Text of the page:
SEOUL (Reuters) - Samsung Electronics Co Ltd said on Monday that it will cease its light emitting diode (LED) lighting business outside of South Korea, scaling back what was identified as a key growth business just four years ago.
The pullback comes on the heels of Dutch rival Philips’ recent decision to spin off its century-old lighting business. Price wars have slashed profitability to levels deemed too unattractive in the long run, despite an LED boom that has upended the global incandescent lighting industry.
Analysts say Samsung Electronics’ retreat reflects the growing competition from Chinese manufacturers even as demand for LED lighting remains strong. LED lamps last 10 times longer than fluorescent bulbs and 100 times longer than traditional incandescent tungsten filament bulbs.
“It appears that Samsung decided to fold the business because price competition was so fierce and there was not a lot of room for growth going forward,” said Seoul-based IM Investment analyst Lee Min-hee.
Philips said in September that it will spin off its lighting business to expand its higher-margin healthcare and consumer divisions. Two month earlier, Germany’s Osram Licht AG, which also makes LED lights, announced a cost-cutting plan that included nearly 8,000 job cuts.
A spokeswoman at Samsung Electronics said revenue contribution from the business was small but did not comment on specifics, including how much Samsung had invested.
“We will remain active in the LED industry through our LED component business,” Samsung Electronics said in an emailed statement, adding that it will focus on areas such as backlighting for displays of consumer products like televisions.
Samsung’s decision also underscores the challenges faced by the company and the wider Samsung Group in nurturing new growth drivers. Samsung Electronics is battling falling profits in its smartphone business, the world’s largest, and group patriarch Lee Kun-hee has been hospitalised since a May heart attack.
In 2010, Samsung Group identified LED, rechargeable cells for hybrid electric cars, solar cells, medical devices and biopharmaceuticals as new growth drivers for the conglomerate and tipped them to generate 50 trillion won ($47.5 billion) in annual revenues by 2020 for its affiliates.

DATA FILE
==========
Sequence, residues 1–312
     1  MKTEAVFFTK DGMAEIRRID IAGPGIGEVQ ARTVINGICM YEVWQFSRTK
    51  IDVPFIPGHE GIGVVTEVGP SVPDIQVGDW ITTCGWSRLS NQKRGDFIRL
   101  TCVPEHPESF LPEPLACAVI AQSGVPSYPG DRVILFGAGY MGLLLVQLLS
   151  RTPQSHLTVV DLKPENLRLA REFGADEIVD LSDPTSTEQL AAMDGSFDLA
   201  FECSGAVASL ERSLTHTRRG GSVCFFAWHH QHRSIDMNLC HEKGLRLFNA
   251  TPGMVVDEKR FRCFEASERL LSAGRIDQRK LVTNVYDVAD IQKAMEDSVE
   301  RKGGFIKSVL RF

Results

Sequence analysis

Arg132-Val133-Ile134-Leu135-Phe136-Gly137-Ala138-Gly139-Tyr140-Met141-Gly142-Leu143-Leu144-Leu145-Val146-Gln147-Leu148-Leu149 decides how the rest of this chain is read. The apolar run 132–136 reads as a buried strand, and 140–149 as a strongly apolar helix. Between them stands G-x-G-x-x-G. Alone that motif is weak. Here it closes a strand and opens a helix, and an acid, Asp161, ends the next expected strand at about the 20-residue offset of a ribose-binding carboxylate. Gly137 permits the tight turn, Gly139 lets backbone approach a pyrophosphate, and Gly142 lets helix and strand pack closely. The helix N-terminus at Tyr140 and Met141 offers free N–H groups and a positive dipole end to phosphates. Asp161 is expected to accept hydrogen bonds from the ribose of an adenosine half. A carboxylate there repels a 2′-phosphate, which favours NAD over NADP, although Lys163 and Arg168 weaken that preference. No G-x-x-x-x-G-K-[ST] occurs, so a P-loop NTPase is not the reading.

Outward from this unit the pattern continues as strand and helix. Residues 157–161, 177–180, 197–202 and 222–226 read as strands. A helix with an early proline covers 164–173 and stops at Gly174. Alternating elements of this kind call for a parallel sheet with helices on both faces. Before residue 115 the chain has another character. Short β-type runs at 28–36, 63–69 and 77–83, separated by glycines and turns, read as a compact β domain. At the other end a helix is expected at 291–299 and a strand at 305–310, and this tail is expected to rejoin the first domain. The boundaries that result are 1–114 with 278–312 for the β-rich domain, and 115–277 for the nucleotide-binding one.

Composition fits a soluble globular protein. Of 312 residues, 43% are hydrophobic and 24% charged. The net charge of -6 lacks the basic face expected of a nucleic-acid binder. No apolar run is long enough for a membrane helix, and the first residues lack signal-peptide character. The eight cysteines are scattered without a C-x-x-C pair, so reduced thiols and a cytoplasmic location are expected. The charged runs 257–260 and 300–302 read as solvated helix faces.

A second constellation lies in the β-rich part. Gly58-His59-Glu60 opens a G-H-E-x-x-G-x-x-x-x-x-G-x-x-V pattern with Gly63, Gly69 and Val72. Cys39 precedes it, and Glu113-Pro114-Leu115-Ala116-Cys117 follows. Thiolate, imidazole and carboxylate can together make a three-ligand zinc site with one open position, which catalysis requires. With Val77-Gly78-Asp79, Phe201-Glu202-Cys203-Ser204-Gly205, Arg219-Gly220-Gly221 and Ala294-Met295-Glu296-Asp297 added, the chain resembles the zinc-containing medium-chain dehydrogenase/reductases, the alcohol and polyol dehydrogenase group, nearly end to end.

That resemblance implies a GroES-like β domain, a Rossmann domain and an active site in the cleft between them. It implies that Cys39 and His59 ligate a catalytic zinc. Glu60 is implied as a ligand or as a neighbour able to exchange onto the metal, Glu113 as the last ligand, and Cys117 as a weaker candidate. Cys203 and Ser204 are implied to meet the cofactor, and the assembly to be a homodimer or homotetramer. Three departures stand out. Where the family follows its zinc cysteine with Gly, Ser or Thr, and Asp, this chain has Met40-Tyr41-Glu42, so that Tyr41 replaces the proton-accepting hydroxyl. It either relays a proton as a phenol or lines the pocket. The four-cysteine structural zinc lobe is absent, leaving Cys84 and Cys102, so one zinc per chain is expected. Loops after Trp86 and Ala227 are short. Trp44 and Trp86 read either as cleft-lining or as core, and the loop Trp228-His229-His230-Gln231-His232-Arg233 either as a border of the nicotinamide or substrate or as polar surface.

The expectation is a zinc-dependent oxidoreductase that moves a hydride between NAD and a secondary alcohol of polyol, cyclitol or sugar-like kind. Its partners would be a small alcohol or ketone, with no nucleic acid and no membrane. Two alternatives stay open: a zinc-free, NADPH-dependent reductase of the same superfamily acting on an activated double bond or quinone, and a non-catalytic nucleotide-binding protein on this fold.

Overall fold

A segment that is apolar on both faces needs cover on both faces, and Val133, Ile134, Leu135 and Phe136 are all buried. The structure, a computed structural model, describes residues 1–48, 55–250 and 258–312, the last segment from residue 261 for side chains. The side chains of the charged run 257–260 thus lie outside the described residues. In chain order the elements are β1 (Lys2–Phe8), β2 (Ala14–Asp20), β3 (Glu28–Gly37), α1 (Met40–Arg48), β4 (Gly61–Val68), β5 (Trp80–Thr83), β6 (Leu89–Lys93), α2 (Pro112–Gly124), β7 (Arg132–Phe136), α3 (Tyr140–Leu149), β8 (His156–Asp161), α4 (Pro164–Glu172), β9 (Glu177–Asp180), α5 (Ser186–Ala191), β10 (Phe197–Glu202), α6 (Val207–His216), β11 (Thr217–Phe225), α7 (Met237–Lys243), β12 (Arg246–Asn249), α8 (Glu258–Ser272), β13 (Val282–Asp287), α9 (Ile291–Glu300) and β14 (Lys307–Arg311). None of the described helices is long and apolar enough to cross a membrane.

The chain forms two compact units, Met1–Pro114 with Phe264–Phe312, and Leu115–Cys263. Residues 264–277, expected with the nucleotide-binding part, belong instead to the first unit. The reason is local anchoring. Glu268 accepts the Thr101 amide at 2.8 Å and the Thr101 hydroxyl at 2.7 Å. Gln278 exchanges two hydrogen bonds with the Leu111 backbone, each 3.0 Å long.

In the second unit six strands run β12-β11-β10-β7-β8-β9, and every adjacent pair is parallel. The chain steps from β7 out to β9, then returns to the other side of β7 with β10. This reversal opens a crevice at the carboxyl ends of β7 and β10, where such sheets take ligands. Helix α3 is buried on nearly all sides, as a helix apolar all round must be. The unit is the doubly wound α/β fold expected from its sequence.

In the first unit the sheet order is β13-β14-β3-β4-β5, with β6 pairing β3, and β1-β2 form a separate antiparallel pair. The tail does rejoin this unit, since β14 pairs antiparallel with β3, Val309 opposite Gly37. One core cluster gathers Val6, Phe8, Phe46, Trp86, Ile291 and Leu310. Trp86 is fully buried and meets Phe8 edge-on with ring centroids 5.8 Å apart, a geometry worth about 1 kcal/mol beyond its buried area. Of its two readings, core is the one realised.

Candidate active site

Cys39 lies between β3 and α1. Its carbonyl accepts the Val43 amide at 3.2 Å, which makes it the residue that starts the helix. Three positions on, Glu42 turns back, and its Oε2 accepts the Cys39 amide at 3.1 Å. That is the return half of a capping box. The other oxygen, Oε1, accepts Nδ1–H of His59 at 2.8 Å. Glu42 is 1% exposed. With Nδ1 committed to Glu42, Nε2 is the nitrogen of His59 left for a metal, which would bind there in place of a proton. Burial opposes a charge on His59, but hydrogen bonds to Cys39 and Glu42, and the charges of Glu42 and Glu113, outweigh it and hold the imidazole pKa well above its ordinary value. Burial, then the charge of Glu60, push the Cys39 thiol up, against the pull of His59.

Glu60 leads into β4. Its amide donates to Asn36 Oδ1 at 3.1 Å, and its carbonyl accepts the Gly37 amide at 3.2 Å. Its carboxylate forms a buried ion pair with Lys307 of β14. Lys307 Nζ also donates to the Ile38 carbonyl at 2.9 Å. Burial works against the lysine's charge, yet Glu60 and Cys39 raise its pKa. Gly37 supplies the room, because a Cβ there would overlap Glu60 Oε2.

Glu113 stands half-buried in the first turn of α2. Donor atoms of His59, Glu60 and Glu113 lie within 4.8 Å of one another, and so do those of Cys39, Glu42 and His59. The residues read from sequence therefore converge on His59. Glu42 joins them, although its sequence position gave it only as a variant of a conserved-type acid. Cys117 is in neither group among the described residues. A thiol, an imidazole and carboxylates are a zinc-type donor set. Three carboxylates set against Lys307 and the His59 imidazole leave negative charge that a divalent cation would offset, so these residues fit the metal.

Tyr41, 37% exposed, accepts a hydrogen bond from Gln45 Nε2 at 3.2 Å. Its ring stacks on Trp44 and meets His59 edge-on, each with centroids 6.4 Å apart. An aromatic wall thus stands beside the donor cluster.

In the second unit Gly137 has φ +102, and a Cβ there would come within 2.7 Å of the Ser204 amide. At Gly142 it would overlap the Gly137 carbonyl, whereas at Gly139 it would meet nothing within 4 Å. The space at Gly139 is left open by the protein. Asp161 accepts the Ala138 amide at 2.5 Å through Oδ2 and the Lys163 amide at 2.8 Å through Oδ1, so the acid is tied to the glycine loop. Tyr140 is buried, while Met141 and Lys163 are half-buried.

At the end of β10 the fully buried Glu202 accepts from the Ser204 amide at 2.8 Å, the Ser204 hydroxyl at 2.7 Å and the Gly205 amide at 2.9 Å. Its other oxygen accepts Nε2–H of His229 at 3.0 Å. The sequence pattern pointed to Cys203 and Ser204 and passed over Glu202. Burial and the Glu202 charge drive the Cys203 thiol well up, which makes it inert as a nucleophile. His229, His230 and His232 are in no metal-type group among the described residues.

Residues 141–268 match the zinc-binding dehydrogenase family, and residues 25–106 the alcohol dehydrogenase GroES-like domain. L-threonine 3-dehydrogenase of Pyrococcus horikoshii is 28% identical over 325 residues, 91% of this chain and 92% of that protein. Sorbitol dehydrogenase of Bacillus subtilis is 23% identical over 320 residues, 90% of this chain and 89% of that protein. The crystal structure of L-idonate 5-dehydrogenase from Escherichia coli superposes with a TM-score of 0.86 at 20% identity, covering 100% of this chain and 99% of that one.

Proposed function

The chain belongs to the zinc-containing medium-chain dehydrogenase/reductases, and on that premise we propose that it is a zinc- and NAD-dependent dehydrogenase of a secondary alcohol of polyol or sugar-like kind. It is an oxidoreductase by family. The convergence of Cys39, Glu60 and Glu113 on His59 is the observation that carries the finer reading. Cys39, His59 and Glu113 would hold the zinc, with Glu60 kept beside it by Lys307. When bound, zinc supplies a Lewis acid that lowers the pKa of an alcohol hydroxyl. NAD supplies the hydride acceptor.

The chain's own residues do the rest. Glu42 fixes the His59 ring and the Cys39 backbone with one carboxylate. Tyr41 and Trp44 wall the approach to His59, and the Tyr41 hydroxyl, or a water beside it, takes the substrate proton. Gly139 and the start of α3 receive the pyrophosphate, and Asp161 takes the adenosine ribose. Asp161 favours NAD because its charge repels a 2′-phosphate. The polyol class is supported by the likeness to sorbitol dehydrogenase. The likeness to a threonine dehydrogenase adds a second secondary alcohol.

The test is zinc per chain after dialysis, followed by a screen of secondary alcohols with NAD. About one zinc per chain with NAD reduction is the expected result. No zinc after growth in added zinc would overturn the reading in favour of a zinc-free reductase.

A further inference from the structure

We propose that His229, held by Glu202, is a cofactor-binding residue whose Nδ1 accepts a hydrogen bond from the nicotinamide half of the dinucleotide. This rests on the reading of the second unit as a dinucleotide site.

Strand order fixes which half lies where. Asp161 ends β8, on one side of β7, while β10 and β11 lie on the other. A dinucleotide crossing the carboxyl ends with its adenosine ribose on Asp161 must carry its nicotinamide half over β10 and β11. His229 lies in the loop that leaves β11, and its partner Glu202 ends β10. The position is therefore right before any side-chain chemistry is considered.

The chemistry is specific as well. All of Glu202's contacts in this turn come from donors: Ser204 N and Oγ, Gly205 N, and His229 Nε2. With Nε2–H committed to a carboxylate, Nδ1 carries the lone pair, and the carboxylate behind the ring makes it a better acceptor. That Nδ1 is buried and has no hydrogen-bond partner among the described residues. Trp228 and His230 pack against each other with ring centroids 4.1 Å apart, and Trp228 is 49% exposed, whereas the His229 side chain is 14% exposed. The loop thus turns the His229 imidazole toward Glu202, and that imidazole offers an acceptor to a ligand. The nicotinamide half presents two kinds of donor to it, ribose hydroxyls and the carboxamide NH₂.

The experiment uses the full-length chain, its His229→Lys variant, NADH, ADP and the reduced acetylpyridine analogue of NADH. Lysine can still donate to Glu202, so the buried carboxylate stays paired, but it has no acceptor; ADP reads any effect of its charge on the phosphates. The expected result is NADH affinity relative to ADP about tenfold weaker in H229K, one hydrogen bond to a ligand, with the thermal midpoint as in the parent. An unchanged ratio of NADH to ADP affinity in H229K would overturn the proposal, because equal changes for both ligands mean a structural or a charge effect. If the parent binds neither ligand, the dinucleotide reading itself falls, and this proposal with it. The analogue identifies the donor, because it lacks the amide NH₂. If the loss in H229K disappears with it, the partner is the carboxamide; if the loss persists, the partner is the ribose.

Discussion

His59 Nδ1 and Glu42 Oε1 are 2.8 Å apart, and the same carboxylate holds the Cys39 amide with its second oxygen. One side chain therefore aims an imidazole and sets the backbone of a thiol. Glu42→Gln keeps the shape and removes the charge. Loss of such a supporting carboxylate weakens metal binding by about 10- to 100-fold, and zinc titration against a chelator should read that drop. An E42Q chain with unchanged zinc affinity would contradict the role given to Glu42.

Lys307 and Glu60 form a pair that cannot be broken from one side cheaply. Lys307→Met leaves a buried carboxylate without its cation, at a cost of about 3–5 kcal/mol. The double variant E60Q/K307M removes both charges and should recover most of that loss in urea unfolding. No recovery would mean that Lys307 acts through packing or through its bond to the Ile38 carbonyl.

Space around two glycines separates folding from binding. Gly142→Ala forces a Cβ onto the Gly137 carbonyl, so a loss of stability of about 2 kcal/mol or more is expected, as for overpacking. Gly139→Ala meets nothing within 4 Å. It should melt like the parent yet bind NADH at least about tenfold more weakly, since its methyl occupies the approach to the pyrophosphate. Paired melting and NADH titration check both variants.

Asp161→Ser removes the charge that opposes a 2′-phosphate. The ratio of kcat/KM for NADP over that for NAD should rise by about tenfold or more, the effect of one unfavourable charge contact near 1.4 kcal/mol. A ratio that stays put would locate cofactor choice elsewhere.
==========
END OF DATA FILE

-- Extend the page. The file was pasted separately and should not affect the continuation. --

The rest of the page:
But the conglomerate has yet gain traction in most of these businesses. Though Samsung SDI Co Ltd is supplying German premium automaker BMW with electric vehicle battery cells, other businesses have yet to show significant revenue growth.
Identifying and developing new growth drivers will be a key test for Jay Y. Lee when he takes the reins at the group from his father.
Some media reports have speculated that Samsung may also pull back from the solar business. A Samsung SDI spokesman said the firm continues research and development in the sector, but analysts say the recent decline in oil prices and the entry of Chinese players have hurt the outlook.
“These moves also give us a small glimpse of Jay Y. Lee’s management style, with him now at the helm for five months,” said Park Ju-gun, head of corporate watchdog CEO Score.
“He’s moving away from businesses like solar and LED lighting and seem to be putting more resources in software or platform-oriented businesses,” he said, noting that Samsung Electronics’ acquisition of home automation startup SmartThings in August as well as Lee’s recent meeting with Facebook Inc CEO Mark Zuckerberg in Seoul.
Samsung Electronics shares ended 1.5 percent lower on Monday, underperforming a 0.3 percent rise for the broader market, but showed muted reaction to the LED lighting exit.
(1 US dollar = 1,052.6100 Korean won)
Editing by Ryan Woo and Tony Munroe